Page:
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The Psychiatric Persuasion: Knowledge, Gender, and Power in Modern America Paperback – January 11, 1996

2 customer reviews
ISBN-13: 978-0691025841 ISBN-10: 0691025843

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Editorial Reviews

Review

Winner of the 1994 Morris D. Forkosch Prize for the Best Book in Intellectual History

Winner of the 1995 John Hope Franklin Publication Prize, American Studies Association

Winner of the 1995 History of Women in Science Prize, History of Science Society

"Lunbeck has found a fascinating archive [at the Boston Psychopathic Hospital] and she has read it meticulously.... The story of the men and women who transformed psychiatry from a nineteenth-century hodgepodge of moralism, religion, and charlatanism to a twentieth-century human science ... is told here with more detail, more immediacy and more insight than ever before."--The New York Times Book Review

"Beautifully written, elegantly conceived.... A major contribution to the growing literature on the history of the professions. It will interest not only historians of science but also scholars in a variety of fields who are concerned with issues relating to gender, power, and the rise of sexual modernity."--The Journal of American History

"If you like stories, you will like this book, as I do. It's a good read. . . . for its rich depictions of the contradictory modernism of early twentieth-century psychiatry. It offers a feast of telling stories."--Susan Stanford Friedman, The Women's Review of Books

"[With] the tools of a historian and the skills of a talented writer, [Lunbeck] . . . uses a social context to examine how psychiatrists viewed society and how society shaped the development of psychiatric thought. . . . Her book will be of interest to students and professionals in the field of mental health, as well as to historians, sociologists, and general readers interested in the early 20th century in America. . . . highly readable, informative, and even picturesque in its evocations."--New England Journal of Medicine

From the Back Cover

"Elizabeth Lunbeck seeks to probe the dynamics and underlying cultural assumptions of psychiatric thought and practice. In a significant way, she lays the foundation for an understanding of the subsequent emergence of psychodynamic and psychoanalytic psychiatry. Not only will her book be of interest to social and cultural historians, but it will also find an audience among those concerned with gender-relates issues."--Gerald N. Grob, Rutgers University

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Product Details

  • Paperback: 445 pages
  • Publisher: Princeton University Press (December 22, 1995)
  • Language: English
  • ISBN-10: 0691025843
  • ISBN-13: 978-0691025841
  • Product Dimensions: 6 x 1.2 x 9 inches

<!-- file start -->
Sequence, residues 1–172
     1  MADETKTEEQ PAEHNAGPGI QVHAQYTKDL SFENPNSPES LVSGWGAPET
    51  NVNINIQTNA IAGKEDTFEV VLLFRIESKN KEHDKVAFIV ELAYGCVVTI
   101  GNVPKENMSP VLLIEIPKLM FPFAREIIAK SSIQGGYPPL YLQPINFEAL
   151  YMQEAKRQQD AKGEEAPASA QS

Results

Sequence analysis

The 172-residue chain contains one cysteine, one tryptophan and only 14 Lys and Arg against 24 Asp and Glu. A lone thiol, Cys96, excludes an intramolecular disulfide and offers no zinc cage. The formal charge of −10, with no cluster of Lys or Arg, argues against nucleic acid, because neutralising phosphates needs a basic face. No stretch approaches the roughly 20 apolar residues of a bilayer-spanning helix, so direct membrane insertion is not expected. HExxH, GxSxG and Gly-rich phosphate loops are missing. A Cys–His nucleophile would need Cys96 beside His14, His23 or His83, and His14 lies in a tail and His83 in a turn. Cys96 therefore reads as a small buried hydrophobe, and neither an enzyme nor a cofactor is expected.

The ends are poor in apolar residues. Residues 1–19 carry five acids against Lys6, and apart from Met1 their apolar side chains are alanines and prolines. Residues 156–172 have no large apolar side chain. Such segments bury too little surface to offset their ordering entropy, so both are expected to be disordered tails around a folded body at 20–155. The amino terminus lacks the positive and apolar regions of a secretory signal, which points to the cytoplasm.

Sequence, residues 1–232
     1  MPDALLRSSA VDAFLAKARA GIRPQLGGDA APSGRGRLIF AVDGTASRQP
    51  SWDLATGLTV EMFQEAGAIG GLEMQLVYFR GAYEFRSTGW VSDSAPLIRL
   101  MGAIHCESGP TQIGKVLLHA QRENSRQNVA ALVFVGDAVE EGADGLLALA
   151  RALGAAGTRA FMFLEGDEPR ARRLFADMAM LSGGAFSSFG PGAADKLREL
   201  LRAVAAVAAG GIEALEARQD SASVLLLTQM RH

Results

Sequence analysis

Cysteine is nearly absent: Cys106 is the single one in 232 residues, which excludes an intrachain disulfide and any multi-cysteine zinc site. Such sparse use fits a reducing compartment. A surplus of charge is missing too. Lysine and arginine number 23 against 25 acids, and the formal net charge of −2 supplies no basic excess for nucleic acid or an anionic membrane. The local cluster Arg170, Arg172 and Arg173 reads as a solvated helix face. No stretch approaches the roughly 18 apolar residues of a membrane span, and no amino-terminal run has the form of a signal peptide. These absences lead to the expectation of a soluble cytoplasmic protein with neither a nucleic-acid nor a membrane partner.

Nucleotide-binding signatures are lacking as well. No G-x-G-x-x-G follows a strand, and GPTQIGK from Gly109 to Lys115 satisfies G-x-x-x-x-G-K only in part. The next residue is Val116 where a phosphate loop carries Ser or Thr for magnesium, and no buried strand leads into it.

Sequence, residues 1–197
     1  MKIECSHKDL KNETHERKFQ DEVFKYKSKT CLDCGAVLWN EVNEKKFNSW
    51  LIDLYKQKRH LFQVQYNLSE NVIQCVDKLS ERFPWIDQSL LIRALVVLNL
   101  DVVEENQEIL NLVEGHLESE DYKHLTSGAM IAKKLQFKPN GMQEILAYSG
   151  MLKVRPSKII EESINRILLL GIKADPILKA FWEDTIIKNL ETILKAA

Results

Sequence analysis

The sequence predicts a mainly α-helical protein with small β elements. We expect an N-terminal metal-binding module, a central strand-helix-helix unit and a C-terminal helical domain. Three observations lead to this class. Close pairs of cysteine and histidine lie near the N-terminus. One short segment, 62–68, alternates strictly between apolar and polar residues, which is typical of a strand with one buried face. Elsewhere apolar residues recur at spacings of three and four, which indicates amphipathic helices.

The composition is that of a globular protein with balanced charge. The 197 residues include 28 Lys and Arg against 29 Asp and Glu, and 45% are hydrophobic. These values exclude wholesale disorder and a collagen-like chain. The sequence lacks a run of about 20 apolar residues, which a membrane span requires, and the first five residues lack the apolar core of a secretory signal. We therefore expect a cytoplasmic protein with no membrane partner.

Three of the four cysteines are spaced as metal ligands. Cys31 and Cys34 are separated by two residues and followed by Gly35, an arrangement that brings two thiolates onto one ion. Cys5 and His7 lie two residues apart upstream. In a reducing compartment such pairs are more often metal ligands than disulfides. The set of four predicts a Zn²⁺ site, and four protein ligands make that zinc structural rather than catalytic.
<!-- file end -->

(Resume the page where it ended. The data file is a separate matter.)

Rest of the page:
• Shipping Weight: 1.6 pounds (View shipping rates and policies)
  • Average Customer Review: 4.0 out of 5 stars  See all reviews (2 customer reviews)
  • Amazon Best Sellers Rank: #479,243 in Books (See Top 100 in Books)

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10 of 15 people found the following review helpful By A Customer on December 15, 1998
Format: Paperback
Elizabeth Lunbeck's purpose in writing Psychiatric Persuasion is to reconstruct the development of psychiatry during the early part of the twentieth century through the use of the archives of the Boston Psychopathic Hospital, as well as to examine the process by which American psychiatrist effected a momentous shift in their discipline's foundations and fortunes. Using Foucaldian methodology, Lunbeck argues that the revolution in psychiatric thinking revamped the culture as a whole, placing psychiatric views and methods at the center of social and cultural life. In addition to this, she maintains that the source of psychiatry's cultural authority is not found within it institutions rather can be located in it's conceptual apparatuses. Unfortunatly, her book lacks contextual evidence from the period and has a sort of hermetic feel, sealed off from the influences of the period. Another problem is within the fundamental arguement; did psychiatrist in the 1910's actually effect this major change, or was it the psychoanalyst? Also, i think it is questionable when this shift actually took place- if it was in fact during the early part of this century, or if it was rather during the 1940's. Her femisnist and Foucaudian assumptions tend to skew the objectivity of her work. A final question that must be asked is whether this shift in the psychiatric profession was actually TO normalcy rather than AWAY FROM insanity. Overall, the book was well written, full of anecdoatal accounts that illustrated her points, and very interesting to read. Unfortunatley, it was too narrow in scope to make the broad claims it purported.
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One of the best academic reads in the past few years, I must say. I read this cover to cover, in one sitting. It is absolutely fascinating (and frightening) how mainstream "psychiatric diagnoses" have come and the road to this mainstream acceptance will send chills down your spine. I highly recommend!
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